Marinde J.G. Bond, PhD Candidate, on Colorectal Liver Metastases: FOLFOX/FOLFIRI, Bevacizumab, and Panitumumab
ESMO Congress 2022
Marinde J.G. Bond, PhD Candidate, of the University Medical Center, Utrecht, discusses phase III findings from the CAIRO5 study of the Dutch Colorectal Cancer Group, the first such trial in defined subgroups of patients with initially unresectable colorectal cancer liver metastases and left-sided and RAS/BRAF V600E wild-type tumor. The study compared FOLFOX/FOLFIRI plus either bevacizumab or panitumumab (Abstract LBA21).
Disclaimer: This video transcript has not been proofread or edited and may contain errors.
CAIRO5 is the first randomized controlled phase III trial in which the currently most effective systemic regimens were compared in defined subgroups of patients with initially unresectable colorectal cancer liver metastasis, as defined by a liver expert panel. Patients with RAS/BRAF-mutated and/or a right-sided primary tumor were randomized between dub chemotherapy and triplet chemotherapy, both plus bevacizumab. The results of this group were presented at ESCO annual meeting last June and patients with RAS/BRAF wild-type, and left-sided primary tumors were randomized between doublet chemotherapy and either bevacizumab or panitumumab. I presented the results of this group, which evaluated 230 patients.
A novel aspect of this study is the Liver Expert Panel, which evaluates unresectability at baseline, according to redefined criteria, and resectability every 2 months during follow up, the Liver Expert Panel consisted of 15 liver surgeons and three abdominal radiologists. The panel procedure was as follows. The CT scans were uploaded and reviewed by one abdominal radiologist and then by three liver surgeons. If no consensus among these three liver surgeons existed, then two additional surgeons were invited and the final decision was made by majority votes. Consensus on unresectability at baseline was present in 67% and during follow up in 42%.
Based on these results and the results of in-depth analysis, we can conclude that the use of a liver expert panel is feasible and allows the selection of an increased number of patients who are eligible for local treatments with curative intent. The primary endpoint was progression-free survival and the median progression-free survival in the bevacizumab of arm, 10.6 months, and in the panitumumab arm, 10.3 months. This was not significantly different, with a hazard ratio of 1.12 and the p-value of 0.44. Panitumumab was associated with more grade 3 or higher toxicity, which mainly consisted of skin toxicity and diarrhea. Panitumumab significantly increased response rate and depth of response, which, however, did not translate into an increased local treatment rate of liver metastasis.
In conclusion, the median progression free survival was not different between the use of either bevacizumab or panitumumab to FOLFOX or FOLFIRI. The local treatment rate was not significantly different either despite the higher response rate and higher depth of response. Considering the results of previous anti-EGFR trials, the data and overall survival should be weighted before we can draw a final conclusion about the use of anti-EEGR therapy in patients with initially unresectable colorectal cancer liver metastasis and their-left sided and RAS/BRAF wild-type tumor.
Toni K. Choueiri, MD, of the Dana-Farber Cancer Institute, and Laurence Albiges, MD, PhD, of France’s Gustave Roussy Cancer Centre, discuss phase III findings showing that cabozantinib in combination with nivolumab and ipilimumab reduced the risk of disease progression or death compared with the combination of nivolumab plus ipilimumab in patients with previously untreated advanced renal cell carcinoma of IMDC (the International Metastatic RCC Database Consortium) intermediate or poor risk. However, the combination of cabozantinib, nivolumab, and ipilimumab vs nivolumab plus ipilimumab did not demonstrate an overall survival benefit to patients (Abstract LBA8).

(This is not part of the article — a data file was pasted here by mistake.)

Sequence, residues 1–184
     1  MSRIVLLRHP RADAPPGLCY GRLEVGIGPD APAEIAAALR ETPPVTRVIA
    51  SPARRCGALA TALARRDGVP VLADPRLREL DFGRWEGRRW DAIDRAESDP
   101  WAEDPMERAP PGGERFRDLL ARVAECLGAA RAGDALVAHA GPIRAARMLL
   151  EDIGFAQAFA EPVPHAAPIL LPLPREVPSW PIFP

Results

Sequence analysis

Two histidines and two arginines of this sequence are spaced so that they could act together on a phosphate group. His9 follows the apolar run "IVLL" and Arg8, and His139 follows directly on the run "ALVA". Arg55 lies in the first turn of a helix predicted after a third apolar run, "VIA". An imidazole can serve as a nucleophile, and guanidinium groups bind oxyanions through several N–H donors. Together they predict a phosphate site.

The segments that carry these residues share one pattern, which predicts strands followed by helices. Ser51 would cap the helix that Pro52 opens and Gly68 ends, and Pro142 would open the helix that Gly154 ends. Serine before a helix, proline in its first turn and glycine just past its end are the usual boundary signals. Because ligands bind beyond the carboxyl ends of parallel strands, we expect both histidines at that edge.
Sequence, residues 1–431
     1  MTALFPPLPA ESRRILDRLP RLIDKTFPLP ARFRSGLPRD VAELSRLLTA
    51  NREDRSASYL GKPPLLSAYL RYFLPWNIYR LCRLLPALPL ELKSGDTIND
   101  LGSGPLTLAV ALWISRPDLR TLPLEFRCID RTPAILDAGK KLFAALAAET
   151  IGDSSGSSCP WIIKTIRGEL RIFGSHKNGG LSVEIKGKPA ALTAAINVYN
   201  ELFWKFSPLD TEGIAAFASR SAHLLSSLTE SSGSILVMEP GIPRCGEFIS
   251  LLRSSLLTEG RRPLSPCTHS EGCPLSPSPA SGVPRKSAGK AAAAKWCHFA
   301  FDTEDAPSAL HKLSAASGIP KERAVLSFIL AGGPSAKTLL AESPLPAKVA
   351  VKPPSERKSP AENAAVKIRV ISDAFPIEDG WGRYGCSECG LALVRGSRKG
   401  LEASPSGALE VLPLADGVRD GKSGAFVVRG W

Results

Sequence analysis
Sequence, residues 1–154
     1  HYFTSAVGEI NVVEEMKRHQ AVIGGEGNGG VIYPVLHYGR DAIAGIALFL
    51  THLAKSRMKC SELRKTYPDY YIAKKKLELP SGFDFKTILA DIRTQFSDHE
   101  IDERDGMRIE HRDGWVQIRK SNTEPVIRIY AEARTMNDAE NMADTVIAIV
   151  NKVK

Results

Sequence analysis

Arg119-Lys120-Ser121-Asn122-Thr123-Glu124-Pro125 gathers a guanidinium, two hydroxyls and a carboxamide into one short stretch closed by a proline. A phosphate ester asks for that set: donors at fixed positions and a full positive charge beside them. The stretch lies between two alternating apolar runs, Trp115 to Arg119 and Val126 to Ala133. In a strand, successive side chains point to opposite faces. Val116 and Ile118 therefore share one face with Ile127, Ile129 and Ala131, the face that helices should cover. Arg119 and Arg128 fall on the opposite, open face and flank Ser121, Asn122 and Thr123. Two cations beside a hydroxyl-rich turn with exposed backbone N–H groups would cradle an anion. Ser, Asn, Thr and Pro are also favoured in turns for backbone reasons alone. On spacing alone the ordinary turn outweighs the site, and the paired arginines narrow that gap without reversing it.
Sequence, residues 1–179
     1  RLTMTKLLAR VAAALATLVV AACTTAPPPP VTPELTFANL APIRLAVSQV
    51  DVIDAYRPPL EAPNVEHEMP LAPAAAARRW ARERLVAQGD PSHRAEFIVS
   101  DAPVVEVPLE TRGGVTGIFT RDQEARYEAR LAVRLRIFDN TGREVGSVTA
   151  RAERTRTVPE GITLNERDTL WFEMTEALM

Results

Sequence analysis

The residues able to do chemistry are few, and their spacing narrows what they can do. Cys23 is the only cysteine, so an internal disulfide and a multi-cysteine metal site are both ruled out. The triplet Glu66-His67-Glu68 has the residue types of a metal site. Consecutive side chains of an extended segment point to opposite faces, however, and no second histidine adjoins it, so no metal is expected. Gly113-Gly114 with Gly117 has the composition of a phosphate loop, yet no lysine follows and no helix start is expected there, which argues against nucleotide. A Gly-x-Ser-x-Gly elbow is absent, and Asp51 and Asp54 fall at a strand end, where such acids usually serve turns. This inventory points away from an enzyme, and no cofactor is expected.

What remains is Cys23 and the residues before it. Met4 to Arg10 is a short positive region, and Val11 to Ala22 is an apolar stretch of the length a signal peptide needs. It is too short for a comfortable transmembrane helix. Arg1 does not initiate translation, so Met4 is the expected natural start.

Bernd Kasper, MD, PhD, of Germany’s Mannheim Cancer Center, discusses phase III data from the DeFi trial, the largest study conducted to date for patients with desmoid tumors. The trial showed that the gamma secretase inhibitor nirogacestat demonstrated improvements in all primary and secondary efficacy endpoints. Although considered benign because of their inability to metastasize, desmoid tumors can cause significant morbidity and, occasionally, mortality in patients (Abstract LBA2).
Laurence Buisseret, MD, PhD, of Belgium’s Institut Jules Bordet, discusses phase II results from the SYNERGY trial, which tested first-line chemoimmunotherapy of durvalumab, paclitaxel, and carboplatin with or without the anti-CD73 antibody oleclumab in patients with advanced or metastatic triple-negative breast cancer. Although adding oleclumab to durvalumab with chemoimmunotherapy did not increase the clinical benefit rate at week 24, research is ongoing to better understand the mechanisms of response and resistance to this study combination (Abstract LBA17).
Axel Bex, MD, PhD, of the Netherlands Cancer Institute, discusses phase III findings from the IMmotion010 study, which evaluated the efficacy and safety of atezolizumab vs placebo in patients with renal cell cancer who are at high risk of disease recurrence following nephrectomy (Abstract LBA66).
John B.A.G. Haanen, MD, PhD, of The Netherlands Cancer Institute, discusses recent phase III findings, which show that tumor-infiltrating lymphocytes (TILs) improve progression-free survival compared with ipilimumab by 50% in patients with advanced melanoma after not responding to anti–PD-1 treatment. Around 50% of TIL-treated patients had a response, and 20% had a complete response (Abstract LBA3).